The military, which has been in power since a 5 December 2006 coup, gave some guarantees to privately-owned media. After a few tense months, Fijian journalists regained their independence, but the authorities continued to harass its critics, particularly on the Internet.
An army spokesman said in May 2007 that the military would stop hounding blogs “critical towards the institution and members of government”. After blocking access to several of them, Col. Pita Driti relented and said that the military authorities “were no longer concerned about comments posted on these blogs”. He explained his change of heart with the remark that the military had developed a “thick skin” and “no longer feels offended by criticism”.
Several blogs had been made inaccessible over a period of a few days, among them resistfrankscoup.blogspot.com and fijishamelist.blogspot.com, but many of them changed address to get round this censorship. Col. Pita Driti made it clear: “The state of emergency is still in place and people should realise that some freedoms have to be restricted, including freedom of expression. When we have found these bloggers, we will take them to our military quarters and explain to them how their comments constitute a threat to the country”. In 2007, the government appointed by the military said it wanted to allow media some independence, while keeping the power to “thwart those who try to take advantage of the situation to incite people to disturb the peace which now reigns.” Many opposition figures were detained, threatened, and sometimes beaten following the coup.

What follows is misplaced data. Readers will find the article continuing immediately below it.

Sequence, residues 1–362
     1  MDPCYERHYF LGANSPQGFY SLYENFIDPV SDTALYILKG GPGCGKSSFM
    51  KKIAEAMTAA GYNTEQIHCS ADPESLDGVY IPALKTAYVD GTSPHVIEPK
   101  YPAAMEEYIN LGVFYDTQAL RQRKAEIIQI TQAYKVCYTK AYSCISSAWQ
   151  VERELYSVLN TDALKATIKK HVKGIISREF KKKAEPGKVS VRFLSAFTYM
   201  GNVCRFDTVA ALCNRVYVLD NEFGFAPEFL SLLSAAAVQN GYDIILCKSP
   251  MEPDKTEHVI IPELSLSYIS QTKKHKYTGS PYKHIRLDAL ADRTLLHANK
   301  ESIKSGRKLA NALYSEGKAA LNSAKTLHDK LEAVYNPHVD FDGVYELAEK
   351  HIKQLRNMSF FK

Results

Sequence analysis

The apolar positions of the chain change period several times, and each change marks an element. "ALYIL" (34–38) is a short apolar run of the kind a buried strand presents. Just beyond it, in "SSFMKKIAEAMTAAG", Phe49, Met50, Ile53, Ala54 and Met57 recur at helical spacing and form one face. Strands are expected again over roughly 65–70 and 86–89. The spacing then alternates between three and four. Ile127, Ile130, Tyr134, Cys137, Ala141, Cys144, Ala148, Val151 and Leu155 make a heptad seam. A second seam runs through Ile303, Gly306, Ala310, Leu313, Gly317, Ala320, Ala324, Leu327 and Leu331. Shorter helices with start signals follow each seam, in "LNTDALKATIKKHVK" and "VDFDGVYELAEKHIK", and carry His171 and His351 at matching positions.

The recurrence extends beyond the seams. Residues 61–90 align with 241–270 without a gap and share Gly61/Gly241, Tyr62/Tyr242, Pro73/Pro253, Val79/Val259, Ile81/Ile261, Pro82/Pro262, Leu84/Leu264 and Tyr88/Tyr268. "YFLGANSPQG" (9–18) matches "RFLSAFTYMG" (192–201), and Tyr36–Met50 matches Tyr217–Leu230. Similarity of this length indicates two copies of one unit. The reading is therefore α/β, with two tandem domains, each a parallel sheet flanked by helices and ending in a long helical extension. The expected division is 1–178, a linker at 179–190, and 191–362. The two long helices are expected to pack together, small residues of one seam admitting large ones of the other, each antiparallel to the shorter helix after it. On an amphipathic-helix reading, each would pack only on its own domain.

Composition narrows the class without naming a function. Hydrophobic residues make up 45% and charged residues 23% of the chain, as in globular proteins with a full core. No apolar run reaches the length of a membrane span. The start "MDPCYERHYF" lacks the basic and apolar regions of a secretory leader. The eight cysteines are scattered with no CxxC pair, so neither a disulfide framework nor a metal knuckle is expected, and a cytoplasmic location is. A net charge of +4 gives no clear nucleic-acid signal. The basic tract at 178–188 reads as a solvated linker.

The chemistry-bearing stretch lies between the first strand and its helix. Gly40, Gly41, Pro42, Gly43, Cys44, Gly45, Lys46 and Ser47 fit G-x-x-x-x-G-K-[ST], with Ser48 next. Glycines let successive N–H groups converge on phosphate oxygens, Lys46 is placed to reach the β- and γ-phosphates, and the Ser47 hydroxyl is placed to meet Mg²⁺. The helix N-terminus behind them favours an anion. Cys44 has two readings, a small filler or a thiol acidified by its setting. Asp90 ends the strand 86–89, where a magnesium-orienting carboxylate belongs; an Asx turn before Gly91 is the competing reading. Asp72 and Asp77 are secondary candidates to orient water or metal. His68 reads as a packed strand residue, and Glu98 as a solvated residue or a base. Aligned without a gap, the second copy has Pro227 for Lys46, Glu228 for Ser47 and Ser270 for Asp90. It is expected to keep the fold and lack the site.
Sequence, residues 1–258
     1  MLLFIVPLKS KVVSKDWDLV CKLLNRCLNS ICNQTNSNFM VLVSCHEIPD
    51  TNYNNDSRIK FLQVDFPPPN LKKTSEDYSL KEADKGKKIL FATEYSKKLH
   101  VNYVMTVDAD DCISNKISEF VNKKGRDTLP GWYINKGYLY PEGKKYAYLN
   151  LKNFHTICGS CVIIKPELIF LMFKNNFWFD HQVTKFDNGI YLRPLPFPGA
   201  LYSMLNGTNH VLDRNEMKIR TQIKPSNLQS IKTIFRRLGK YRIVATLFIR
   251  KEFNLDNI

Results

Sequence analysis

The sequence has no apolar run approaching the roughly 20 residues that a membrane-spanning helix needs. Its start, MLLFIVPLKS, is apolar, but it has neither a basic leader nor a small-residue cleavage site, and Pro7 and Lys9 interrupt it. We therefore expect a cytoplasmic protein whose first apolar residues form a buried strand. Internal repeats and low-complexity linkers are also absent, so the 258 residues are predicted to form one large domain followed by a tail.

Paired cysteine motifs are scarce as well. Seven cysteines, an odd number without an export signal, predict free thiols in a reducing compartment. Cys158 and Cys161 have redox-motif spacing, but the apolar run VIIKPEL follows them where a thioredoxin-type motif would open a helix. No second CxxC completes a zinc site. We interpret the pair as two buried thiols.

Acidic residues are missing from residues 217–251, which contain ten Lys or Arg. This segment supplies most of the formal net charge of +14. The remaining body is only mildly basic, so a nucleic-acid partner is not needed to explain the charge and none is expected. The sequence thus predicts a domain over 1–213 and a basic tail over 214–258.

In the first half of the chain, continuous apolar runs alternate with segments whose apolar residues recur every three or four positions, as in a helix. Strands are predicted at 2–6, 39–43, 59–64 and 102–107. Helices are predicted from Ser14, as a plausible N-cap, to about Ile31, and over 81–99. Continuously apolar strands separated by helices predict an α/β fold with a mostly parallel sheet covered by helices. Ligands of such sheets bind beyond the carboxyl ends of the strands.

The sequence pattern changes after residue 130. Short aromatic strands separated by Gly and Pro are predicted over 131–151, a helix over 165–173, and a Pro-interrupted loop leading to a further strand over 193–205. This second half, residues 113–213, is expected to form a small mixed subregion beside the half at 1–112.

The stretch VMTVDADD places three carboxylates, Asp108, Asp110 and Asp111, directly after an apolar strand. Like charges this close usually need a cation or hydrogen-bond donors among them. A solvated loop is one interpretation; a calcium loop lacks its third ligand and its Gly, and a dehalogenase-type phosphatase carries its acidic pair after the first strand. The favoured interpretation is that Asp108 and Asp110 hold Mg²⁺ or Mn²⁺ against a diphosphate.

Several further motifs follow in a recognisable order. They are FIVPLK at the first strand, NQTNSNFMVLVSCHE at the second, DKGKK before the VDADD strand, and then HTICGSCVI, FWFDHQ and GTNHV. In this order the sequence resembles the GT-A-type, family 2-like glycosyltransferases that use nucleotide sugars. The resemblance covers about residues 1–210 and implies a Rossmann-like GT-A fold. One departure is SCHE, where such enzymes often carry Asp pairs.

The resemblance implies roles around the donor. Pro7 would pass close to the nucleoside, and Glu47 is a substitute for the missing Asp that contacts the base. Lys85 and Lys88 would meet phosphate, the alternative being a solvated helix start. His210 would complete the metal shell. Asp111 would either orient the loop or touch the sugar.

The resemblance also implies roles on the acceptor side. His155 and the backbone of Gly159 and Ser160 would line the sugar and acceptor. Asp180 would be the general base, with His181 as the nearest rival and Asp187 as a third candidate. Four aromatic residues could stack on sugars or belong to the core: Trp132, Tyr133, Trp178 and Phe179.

In June, the Fijian authorities arrested and then expelled New Zealand journalist Michael Field, working for the Fairfax press group, after he flew in to Suva airport. He had planned to cover the diplomatic crisis between Fiji and New Zealand, whose ambassador had just been declared persona non grata. “This is not the first time I have been turned back, but this time it comes amid growing harassment of Fijian journalists”, said the former correspondent for AFP in the Pacific. The incident revealed the existence of a black list of foreign journalists banned from entering Fiji.